10 Steps to BIM – Preparing for things to come
All across Ireland we are finding that our clients in private industry and in the public sector wants to realise the benefits of BIM on projects, and it’s easy to understand why. BIM helps project teams explore designs before they’re built. The intelligent, 3D models and data that drive the BIM process make critical aspects of projects, such as coordination, communication, and collaboration, easier. Better visualisation of projects speeds approvals. The proactive sustainability analysis BIM enables also helps teams to reduce the environmental impact of projects.
Making the move
All over the world, design and construction firms that have yet to adopt BIM are planning their move. Many of these firms worry that their ability to compete will suffer if they don’t transition sooner rather than later. But some firms are also concerned that adopting BIM will prove difficult and disruptive. This could be holding them back—or leading them to over-plan their moves.
Here at Procad, we’ve spoken to many firms about how they successfully adopted BIM. While there’s no one right way, we’ve identified 10 common steps that help to both accelerate the process and reduce the disruption that can accompany change. We want to share these steps with you.
10 steps to BIM
Step One: Get to know BIM. Designate one or two people at the firm to learn more about how BIM will affect the way your team works. For instance, in the 2D world, many firms leave the details to the later stages of the design process. With BIM, many design details need to be worked out much earlier.
Step Two: Communicate the change to your people. High-level firm leaders should take a leading role in letting people know the firm is definitely transitioning to BIM. The message is “we are moving to BIM because it’s critical to our future” not “we’re trying BIM.” Be sure to communicate the anticipated benefits of BIM for your firm and clients. It will be easier to rally the team around a compelling future vision than by talking too much about mandates.
Step Three: Account for software and hardware needs. BIM isn’t software; it’s a collaborative process that relies on intelligent 3D models. But you’ll need software to create those models. Take the time to explore available software, and consider whether your current hardware has sufficient processing power. Some older, less powerful hardware may need to be transitioned to team members outside the design department.
Step Four: Develop a change management plan. This plan should document at a high level how your team anticipates BIM changing established workflows, who needs training and when they’ll get it, and how you’ll support people when they have questions and issues. Support is probably the most important item; organizational change happens faster and more successfully when you help people adopt new ways of working.
Step Five: Start a pilot program, and provide training to the pilot team. For most firms, it makes sense to run a BIM pilot. If you do dozens of small projects each year, you might consider completing one pilot and capturing lessons learned before running several more pilot projects. A firm with just a few massive multiyear projects might prefer to capture lessons learned from an initial pilot as it happens, while also initiating all new projects in BIM.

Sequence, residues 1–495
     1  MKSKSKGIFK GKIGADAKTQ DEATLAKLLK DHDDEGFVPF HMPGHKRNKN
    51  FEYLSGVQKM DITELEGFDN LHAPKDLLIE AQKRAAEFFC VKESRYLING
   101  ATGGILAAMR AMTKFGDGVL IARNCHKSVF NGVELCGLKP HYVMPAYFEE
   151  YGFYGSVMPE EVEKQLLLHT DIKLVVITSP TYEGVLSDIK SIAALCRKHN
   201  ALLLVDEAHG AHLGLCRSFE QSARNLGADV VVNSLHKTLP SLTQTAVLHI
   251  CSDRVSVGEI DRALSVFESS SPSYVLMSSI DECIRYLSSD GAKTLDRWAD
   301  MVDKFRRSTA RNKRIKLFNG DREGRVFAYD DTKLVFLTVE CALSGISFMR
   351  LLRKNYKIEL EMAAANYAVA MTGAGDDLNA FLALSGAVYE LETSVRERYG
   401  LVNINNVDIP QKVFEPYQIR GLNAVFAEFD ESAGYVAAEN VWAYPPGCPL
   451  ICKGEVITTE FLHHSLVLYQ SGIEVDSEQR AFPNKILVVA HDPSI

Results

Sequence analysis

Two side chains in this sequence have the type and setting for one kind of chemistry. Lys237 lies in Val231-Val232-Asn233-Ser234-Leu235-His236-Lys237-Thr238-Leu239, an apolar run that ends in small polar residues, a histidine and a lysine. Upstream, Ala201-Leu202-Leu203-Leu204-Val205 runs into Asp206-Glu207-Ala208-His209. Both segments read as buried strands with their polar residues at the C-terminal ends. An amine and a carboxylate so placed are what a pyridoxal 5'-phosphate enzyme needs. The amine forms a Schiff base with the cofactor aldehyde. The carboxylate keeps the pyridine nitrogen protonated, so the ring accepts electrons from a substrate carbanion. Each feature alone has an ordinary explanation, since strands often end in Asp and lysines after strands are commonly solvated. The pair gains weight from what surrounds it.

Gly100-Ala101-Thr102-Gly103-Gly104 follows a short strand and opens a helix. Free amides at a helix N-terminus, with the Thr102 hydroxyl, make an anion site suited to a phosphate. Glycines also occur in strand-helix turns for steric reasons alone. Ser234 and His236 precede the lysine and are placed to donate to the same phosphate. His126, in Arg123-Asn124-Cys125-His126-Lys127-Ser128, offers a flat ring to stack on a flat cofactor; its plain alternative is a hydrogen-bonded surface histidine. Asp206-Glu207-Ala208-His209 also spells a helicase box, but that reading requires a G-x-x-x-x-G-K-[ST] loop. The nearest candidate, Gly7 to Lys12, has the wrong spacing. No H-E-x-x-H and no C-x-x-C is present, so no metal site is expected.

Step Six: Document preferred processes. As your pilot project (or projects) progress, have the team document BIM processes. Consider your preferred outputs and how your team needs to do BIM to support them. It’s tempting to try to create standards during or before running a pilot. But your ideas about standards will evolve as you use BIM. Starting with standards could slow your team down and complicate the BIM adoption process unnecessarily.
Step Seven: Cultivate BIM champions. You’ll find that some people in your firm are excited about BIM—perhaps they even learned about BIM as part of their education or while working at another firm. Try to put BIM champions on every pilot project, and provide them with the additional training and support they need to help teammates adopt BIM.
Step Eight: Train and transition other teams. As people are about to begin a BIM project, provide training. A common mistake is to train the whole firm at once, but then transition to BIM project by project over the course of a year or two. People on later projects will have forgotten much of what they learned in training.
Step Nine: Integrate with other models. You’ll see the most benefits from BIM when you share models with other firms that are also working in BIM. Many firms find that integrating models into a single, shared model accelerates the coordination process and opens the door to a new level of collaboration.
Step Ten: Expand and innovate with BIM. As you use BIM, you’ll find that it enables new visualization, coordination, and analysis capabilities. Look for ways to turn these new capabilities into value—and new service offerings—for clients. Communicate the value of BIM to current and potential clients in your marketing, and let them know you’re at the ready to meet the requirements of looming BIM mandates.
Refer to the steps above to get started, but don’t view them as rigid suggestions. Follow the steps in the order that makes the most sense for the types of projects you do. Many steps will overlap, and you may decide to skip or alter some. When facing a mandate, the important things are to get started with an adoption plan that firm leaders support—and keep focused on your goal even if you need to modify the plan along the way.